DENVER — Friday was Colorado Missing Persons Day — which was started by the mother of Kelsie Schelling, who was last seen in 2013 — and the day honors the more than 1,000 people currently missing in the state.
Schelling was last seen on Feb. 4, 2013. She drove from Denver to Pueblo to see her ex-boyfriend, Donthe Lucas. Schelling was pregnant at the time. Lucas was found guilty of her murder in 2021, but Schelling's body has never been found.
“That's always been my main goal and priority is to be able to bring her home and we didn't get that outcome out of the trial," said Laura Saxton, Schelling's mother. “I'm basically, emotionally, still where I was."
Saxton started Missing Persons Day in Colorado in 2016, falling on Feb. 4 each year. This year, more than 1,000 names of people who are missing in Colorado were read on the Colorado State Capitol steps.
"Laura's not alone. There are thousands of other families that are here in spirit, if not here physically today," said Susan Medina of the Colorado Bureau of Investigation (CBI). “Opportunities that Colorado Missing Persons Day provides us is giving that voice and letting them know they are not alone. And that we have resources available to help them every single step of the way.”
During Lucas' trial in Pueblo last year, several of Schelling's friends took the witness stand.
“Testifying in that trial was really traumatizing... I had to relive a lot of things that I felt like were not, you know, thought about, or I think my body just kind of put in the back of my mind to protect itself," said friend Allie Jacoby. “When I testified about Kelsie, it was almost like, I just heard her voice, her laugh.”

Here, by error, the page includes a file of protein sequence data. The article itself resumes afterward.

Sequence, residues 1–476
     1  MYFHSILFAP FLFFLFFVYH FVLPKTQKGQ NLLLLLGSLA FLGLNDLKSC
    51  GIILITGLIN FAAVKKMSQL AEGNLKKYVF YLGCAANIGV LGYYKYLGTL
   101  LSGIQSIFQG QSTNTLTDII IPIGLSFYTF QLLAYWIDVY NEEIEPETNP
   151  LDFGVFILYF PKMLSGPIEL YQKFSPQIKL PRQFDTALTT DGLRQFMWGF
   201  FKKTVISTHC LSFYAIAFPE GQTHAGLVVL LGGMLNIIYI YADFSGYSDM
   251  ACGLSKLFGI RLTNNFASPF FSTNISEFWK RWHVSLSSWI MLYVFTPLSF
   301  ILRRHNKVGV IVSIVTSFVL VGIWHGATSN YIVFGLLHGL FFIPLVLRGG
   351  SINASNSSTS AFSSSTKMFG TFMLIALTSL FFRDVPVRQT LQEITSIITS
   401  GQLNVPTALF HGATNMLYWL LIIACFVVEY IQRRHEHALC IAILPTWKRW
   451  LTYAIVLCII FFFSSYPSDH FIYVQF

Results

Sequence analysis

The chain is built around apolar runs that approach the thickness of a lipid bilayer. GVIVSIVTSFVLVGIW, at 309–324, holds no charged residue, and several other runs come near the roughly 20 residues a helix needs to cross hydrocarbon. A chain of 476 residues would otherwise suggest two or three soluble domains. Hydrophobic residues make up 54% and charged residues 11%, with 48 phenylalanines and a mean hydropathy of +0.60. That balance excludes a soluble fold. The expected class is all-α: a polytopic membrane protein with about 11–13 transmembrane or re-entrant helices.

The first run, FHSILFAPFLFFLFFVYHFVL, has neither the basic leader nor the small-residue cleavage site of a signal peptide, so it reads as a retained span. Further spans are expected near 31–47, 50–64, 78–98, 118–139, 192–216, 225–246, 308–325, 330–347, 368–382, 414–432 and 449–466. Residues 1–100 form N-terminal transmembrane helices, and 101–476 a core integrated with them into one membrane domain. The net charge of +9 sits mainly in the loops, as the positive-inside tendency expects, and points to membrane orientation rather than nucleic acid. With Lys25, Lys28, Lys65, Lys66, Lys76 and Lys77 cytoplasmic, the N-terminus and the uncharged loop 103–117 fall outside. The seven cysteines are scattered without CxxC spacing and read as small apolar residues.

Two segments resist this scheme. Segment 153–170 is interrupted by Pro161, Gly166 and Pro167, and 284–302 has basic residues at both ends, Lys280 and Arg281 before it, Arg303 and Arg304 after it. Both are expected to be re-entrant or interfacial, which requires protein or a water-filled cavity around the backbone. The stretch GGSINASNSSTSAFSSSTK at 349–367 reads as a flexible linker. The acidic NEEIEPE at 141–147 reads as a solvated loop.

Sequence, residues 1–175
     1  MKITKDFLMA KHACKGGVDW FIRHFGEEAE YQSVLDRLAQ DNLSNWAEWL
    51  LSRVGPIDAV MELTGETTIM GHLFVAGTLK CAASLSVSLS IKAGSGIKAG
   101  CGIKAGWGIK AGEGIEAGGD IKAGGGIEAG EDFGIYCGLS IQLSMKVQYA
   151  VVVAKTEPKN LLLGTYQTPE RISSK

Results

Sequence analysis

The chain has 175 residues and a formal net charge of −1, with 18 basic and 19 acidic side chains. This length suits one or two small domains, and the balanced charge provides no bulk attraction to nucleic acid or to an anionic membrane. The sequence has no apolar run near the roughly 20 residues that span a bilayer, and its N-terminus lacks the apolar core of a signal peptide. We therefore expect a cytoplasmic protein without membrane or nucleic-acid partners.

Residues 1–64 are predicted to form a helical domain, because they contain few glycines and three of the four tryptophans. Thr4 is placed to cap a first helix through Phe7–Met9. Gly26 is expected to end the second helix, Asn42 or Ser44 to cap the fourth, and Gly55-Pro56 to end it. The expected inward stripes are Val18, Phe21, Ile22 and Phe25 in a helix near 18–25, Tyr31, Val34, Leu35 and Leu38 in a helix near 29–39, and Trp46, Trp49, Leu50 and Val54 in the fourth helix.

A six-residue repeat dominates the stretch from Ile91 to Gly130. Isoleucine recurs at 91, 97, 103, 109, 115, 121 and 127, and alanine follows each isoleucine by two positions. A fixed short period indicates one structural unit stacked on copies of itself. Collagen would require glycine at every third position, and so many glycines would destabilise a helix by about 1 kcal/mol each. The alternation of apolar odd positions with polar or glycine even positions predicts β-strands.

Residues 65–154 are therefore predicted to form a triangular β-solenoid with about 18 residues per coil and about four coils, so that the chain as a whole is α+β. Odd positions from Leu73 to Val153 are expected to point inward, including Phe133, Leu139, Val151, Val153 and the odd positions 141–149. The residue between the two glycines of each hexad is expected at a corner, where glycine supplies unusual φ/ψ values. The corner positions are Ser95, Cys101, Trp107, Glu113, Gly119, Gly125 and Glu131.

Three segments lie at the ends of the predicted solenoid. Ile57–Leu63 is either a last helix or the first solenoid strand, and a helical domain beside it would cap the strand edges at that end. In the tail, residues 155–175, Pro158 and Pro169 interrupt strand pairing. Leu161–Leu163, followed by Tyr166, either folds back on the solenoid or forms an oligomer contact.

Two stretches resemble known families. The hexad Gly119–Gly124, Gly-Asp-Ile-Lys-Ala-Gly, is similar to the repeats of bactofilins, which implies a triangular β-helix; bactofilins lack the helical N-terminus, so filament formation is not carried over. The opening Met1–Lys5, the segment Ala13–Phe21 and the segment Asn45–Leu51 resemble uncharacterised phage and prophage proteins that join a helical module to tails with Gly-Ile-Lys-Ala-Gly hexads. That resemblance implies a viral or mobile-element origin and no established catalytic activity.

Schelling's friends uniquely understand the importance of Missing Persons Day.
"They get the chance to hear their loved ones' names, you know, spoken out loud and really be remembered," said Aly Cox. “I miss my friend every day... Her memory is still alive.”
For those who love these missing individuals, there will always be words they wish could be heard.
“Just how much I love her and miss her. And that I'll always do everything I can to make sure she's not forgotten," Saxton said about her daughter.
The CBI estimated there are a dozen missing Indigenous people in the state. Medina said it is a figure the bureau wants to revisit, to ensure it is accurate. She said there are a number of challenges when it comes to Indigenous cases.
"When a missing person report is taken, if it's not marked correctly, that can hamper our efforts in some ways to have them categorized correctly. So, we need to do all we can do to help our law enforcement partners in training there, again, continuing to listen and really ramp up our efforts to address this important culture," said Medina. “With our missing Indigenous community, we've taken some important first steps in that we're having dialogue. And we're working to address our processes and see if other states have implemented policies that have helped them capture this data."
Family and loved ones can share a tribute to their loved one on the Colorado Missing Person Day Memoriam page.
Anybody in need of additional support can contact a CBI Victim Advocate at 303-239-4649.